The Maritime History of the Great Lakes
Inkerman (Propeller), exploded, 29 May 1857

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Propeller INKERMAN (C), exploded at Toronto. Three lives lost. Property loss $21,000
      Buffalo Commercial Advertiser
      January 28, 1858 (1857 Casualty list)
      . . . . .

      EXPLOSION OF THE STEAMER INKERMAN. - Toronto May 29. - About four o'clock this afternoon, the boiler of the steamer INKERMAN, of Kingston, blew up with a fearful explosion as she was backing out from the wharf. Her entire crew, consisting of twenty-two persons, are either killed or dangerously wounded - three only, Capt. Broome, Peter McLaughlan and name unknown, escaping uninjured. The bodies are supposed to be still in the wreck. She had no passengers on board.
      It is impossible to learn the names of the lost at present, on account of the great excitement. The INKERMAN was owned by Hugh McIntosh, of Kingston.
      Buffalo Daily Republic
      Saturday, May 30, 1857

      . . . . .

Propeller INKERMAN exploder her boiler at Toronto, May 30 as she was backing away from Upton & Brown's wharf, she was about 100 yards from the wharf when the explosion blew her stern out and she sank with water up to her guards. Six dead and three missing. The vessel had no insurance, was owned by Donald McIntosh and Mr. Morton of Kingston, valued at $15,000.
      The INKERMAN was converted into a propeller from the hull of a river barge, high pressure engines and boiler from propeller IRELAND.
      She had on board a crew of 21 and one passenger. (heavily condensed)
      Toronto Globe
      June 1,2,3,4 & 9th. 1857
      . . . . .

Hull of the INKERMAN was raised June 14th. by the tug BOB MOODIE, tug EXPERIMENT and schr. BEAVER, the hull seems sound and may be towed to Kingston for repairs. (heavily condensed)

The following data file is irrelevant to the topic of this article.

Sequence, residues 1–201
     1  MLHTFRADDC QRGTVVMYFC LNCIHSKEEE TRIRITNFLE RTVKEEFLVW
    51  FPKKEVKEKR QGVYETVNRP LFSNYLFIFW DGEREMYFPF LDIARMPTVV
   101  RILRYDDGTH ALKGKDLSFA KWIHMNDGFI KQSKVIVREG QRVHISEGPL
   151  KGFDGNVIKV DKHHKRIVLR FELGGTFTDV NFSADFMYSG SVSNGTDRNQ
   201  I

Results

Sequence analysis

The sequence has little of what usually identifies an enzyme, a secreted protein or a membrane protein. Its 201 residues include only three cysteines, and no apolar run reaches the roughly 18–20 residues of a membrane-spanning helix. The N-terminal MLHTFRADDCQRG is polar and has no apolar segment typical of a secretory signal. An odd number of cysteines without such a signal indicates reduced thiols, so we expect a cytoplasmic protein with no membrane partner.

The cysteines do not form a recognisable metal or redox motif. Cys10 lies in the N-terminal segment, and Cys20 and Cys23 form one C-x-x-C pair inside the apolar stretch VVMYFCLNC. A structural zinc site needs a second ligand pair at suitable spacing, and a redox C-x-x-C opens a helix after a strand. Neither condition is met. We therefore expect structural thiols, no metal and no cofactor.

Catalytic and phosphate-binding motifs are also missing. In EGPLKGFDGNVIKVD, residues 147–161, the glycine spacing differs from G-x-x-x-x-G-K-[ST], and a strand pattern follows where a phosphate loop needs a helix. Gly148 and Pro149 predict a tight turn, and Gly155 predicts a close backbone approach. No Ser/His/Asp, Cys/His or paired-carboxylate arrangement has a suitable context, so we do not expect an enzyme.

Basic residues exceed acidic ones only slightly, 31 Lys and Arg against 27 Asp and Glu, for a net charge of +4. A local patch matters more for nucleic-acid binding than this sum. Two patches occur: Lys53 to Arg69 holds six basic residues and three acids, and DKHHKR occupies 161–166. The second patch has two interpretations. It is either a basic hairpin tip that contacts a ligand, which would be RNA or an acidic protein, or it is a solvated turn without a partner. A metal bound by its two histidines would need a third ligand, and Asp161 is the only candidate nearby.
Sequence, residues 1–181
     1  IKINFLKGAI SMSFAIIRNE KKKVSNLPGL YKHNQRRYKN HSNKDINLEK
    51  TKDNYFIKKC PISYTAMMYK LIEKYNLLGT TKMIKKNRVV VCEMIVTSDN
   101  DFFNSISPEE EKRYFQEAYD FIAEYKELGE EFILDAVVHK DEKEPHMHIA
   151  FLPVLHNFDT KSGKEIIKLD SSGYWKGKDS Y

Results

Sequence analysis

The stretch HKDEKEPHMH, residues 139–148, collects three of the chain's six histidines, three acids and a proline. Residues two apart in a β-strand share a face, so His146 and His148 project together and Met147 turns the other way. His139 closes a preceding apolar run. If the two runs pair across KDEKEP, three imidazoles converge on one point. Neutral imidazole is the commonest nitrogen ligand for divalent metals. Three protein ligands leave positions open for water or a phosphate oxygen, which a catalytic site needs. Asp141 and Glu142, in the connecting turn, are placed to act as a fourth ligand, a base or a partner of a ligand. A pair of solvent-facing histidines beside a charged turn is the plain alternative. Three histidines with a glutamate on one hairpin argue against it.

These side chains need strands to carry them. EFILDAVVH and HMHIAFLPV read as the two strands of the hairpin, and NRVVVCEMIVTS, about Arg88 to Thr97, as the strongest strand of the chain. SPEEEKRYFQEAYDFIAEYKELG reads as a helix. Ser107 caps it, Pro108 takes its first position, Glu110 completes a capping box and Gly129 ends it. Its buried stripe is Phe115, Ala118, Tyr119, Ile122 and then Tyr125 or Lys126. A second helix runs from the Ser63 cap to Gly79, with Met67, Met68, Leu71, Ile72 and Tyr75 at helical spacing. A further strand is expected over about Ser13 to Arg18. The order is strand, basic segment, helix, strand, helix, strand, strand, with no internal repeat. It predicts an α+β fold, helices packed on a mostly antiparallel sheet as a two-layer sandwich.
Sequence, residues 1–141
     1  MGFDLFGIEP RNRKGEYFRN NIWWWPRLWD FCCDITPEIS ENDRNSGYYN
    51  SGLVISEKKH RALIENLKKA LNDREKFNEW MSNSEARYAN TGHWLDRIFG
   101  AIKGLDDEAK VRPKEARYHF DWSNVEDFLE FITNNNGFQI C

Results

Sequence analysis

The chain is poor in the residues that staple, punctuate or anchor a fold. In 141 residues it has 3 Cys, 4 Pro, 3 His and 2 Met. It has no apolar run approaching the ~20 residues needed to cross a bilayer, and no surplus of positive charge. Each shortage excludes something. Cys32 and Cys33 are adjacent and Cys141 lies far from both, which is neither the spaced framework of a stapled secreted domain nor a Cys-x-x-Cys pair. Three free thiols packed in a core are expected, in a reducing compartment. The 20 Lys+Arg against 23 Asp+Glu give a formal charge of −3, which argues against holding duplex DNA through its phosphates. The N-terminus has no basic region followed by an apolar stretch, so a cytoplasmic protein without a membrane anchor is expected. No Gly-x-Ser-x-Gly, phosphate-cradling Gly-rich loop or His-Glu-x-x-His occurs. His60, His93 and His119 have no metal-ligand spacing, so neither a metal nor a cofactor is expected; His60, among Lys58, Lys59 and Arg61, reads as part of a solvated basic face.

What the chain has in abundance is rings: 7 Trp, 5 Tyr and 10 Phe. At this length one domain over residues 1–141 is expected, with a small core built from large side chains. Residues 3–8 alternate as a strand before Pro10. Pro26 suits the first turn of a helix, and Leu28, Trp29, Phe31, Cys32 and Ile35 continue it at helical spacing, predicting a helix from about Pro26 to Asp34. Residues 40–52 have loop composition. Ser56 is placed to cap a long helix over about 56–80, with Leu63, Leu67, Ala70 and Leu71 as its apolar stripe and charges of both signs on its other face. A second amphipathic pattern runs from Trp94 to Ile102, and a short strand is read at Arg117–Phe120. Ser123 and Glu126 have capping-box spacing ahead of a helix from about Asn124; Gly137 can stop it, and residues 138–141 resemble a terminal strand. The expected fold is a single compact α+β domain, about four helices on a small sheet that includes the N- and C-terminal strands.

Toronto Globe
      June 15, & 19th.,1857
      . . . . .

      The stm. INKERMAN, recently sunk at Toronto, has been pumped out and raised by the Buffalo Mutual Worthington pumps on Wednesday last. She will be repaired.
      Buffalo Commercial Advertiser
      June 22, 1857 2-6

      . . . . .

INKERMAN's hull being towed to Kingston by stmr. HURON
      Toronto Globe
      June 23, 1857
      . . . . .

The stmr. INKERMAN that was sunk by explosion in Toronto recently, was pumped out and raised by the Buffalo Mutual's Worthington pumps on Wednesday last. She will be repaired.
      Detroit Free Press
      June 24, 1857
      . . . . .

On a towing line behind the steam tug QUEN VICTORIA, were the INKERMAN and barque NINA, along came the tug St. PATRICK who steamed into the tow line, inflicting great damage to itself, but none to the tows, which were cut adrift, they were later picked up and continued their trip down the St. Lawrence River to possibly Montreal or Quebec,
      Toronto Globe
      September 5, 1857
      . . . . .

INKERMAN, 1855 - 1857, a propeller of 600 tons burden, built at Kingston, Upper Canada in 1855, and plied between Montreal and Toronto, with passengers and freight. She had a Crimean musket with fixed bayonet for a bowsprit. Her boiler blew up at Upton and Brown's Wharf, Toronto, May 29, 1857, completely destroying the vessel and killing the entire crew and one passenger who was aboard.
      J. Ross Robinson's
      Landmarks of Canada

      . . . . .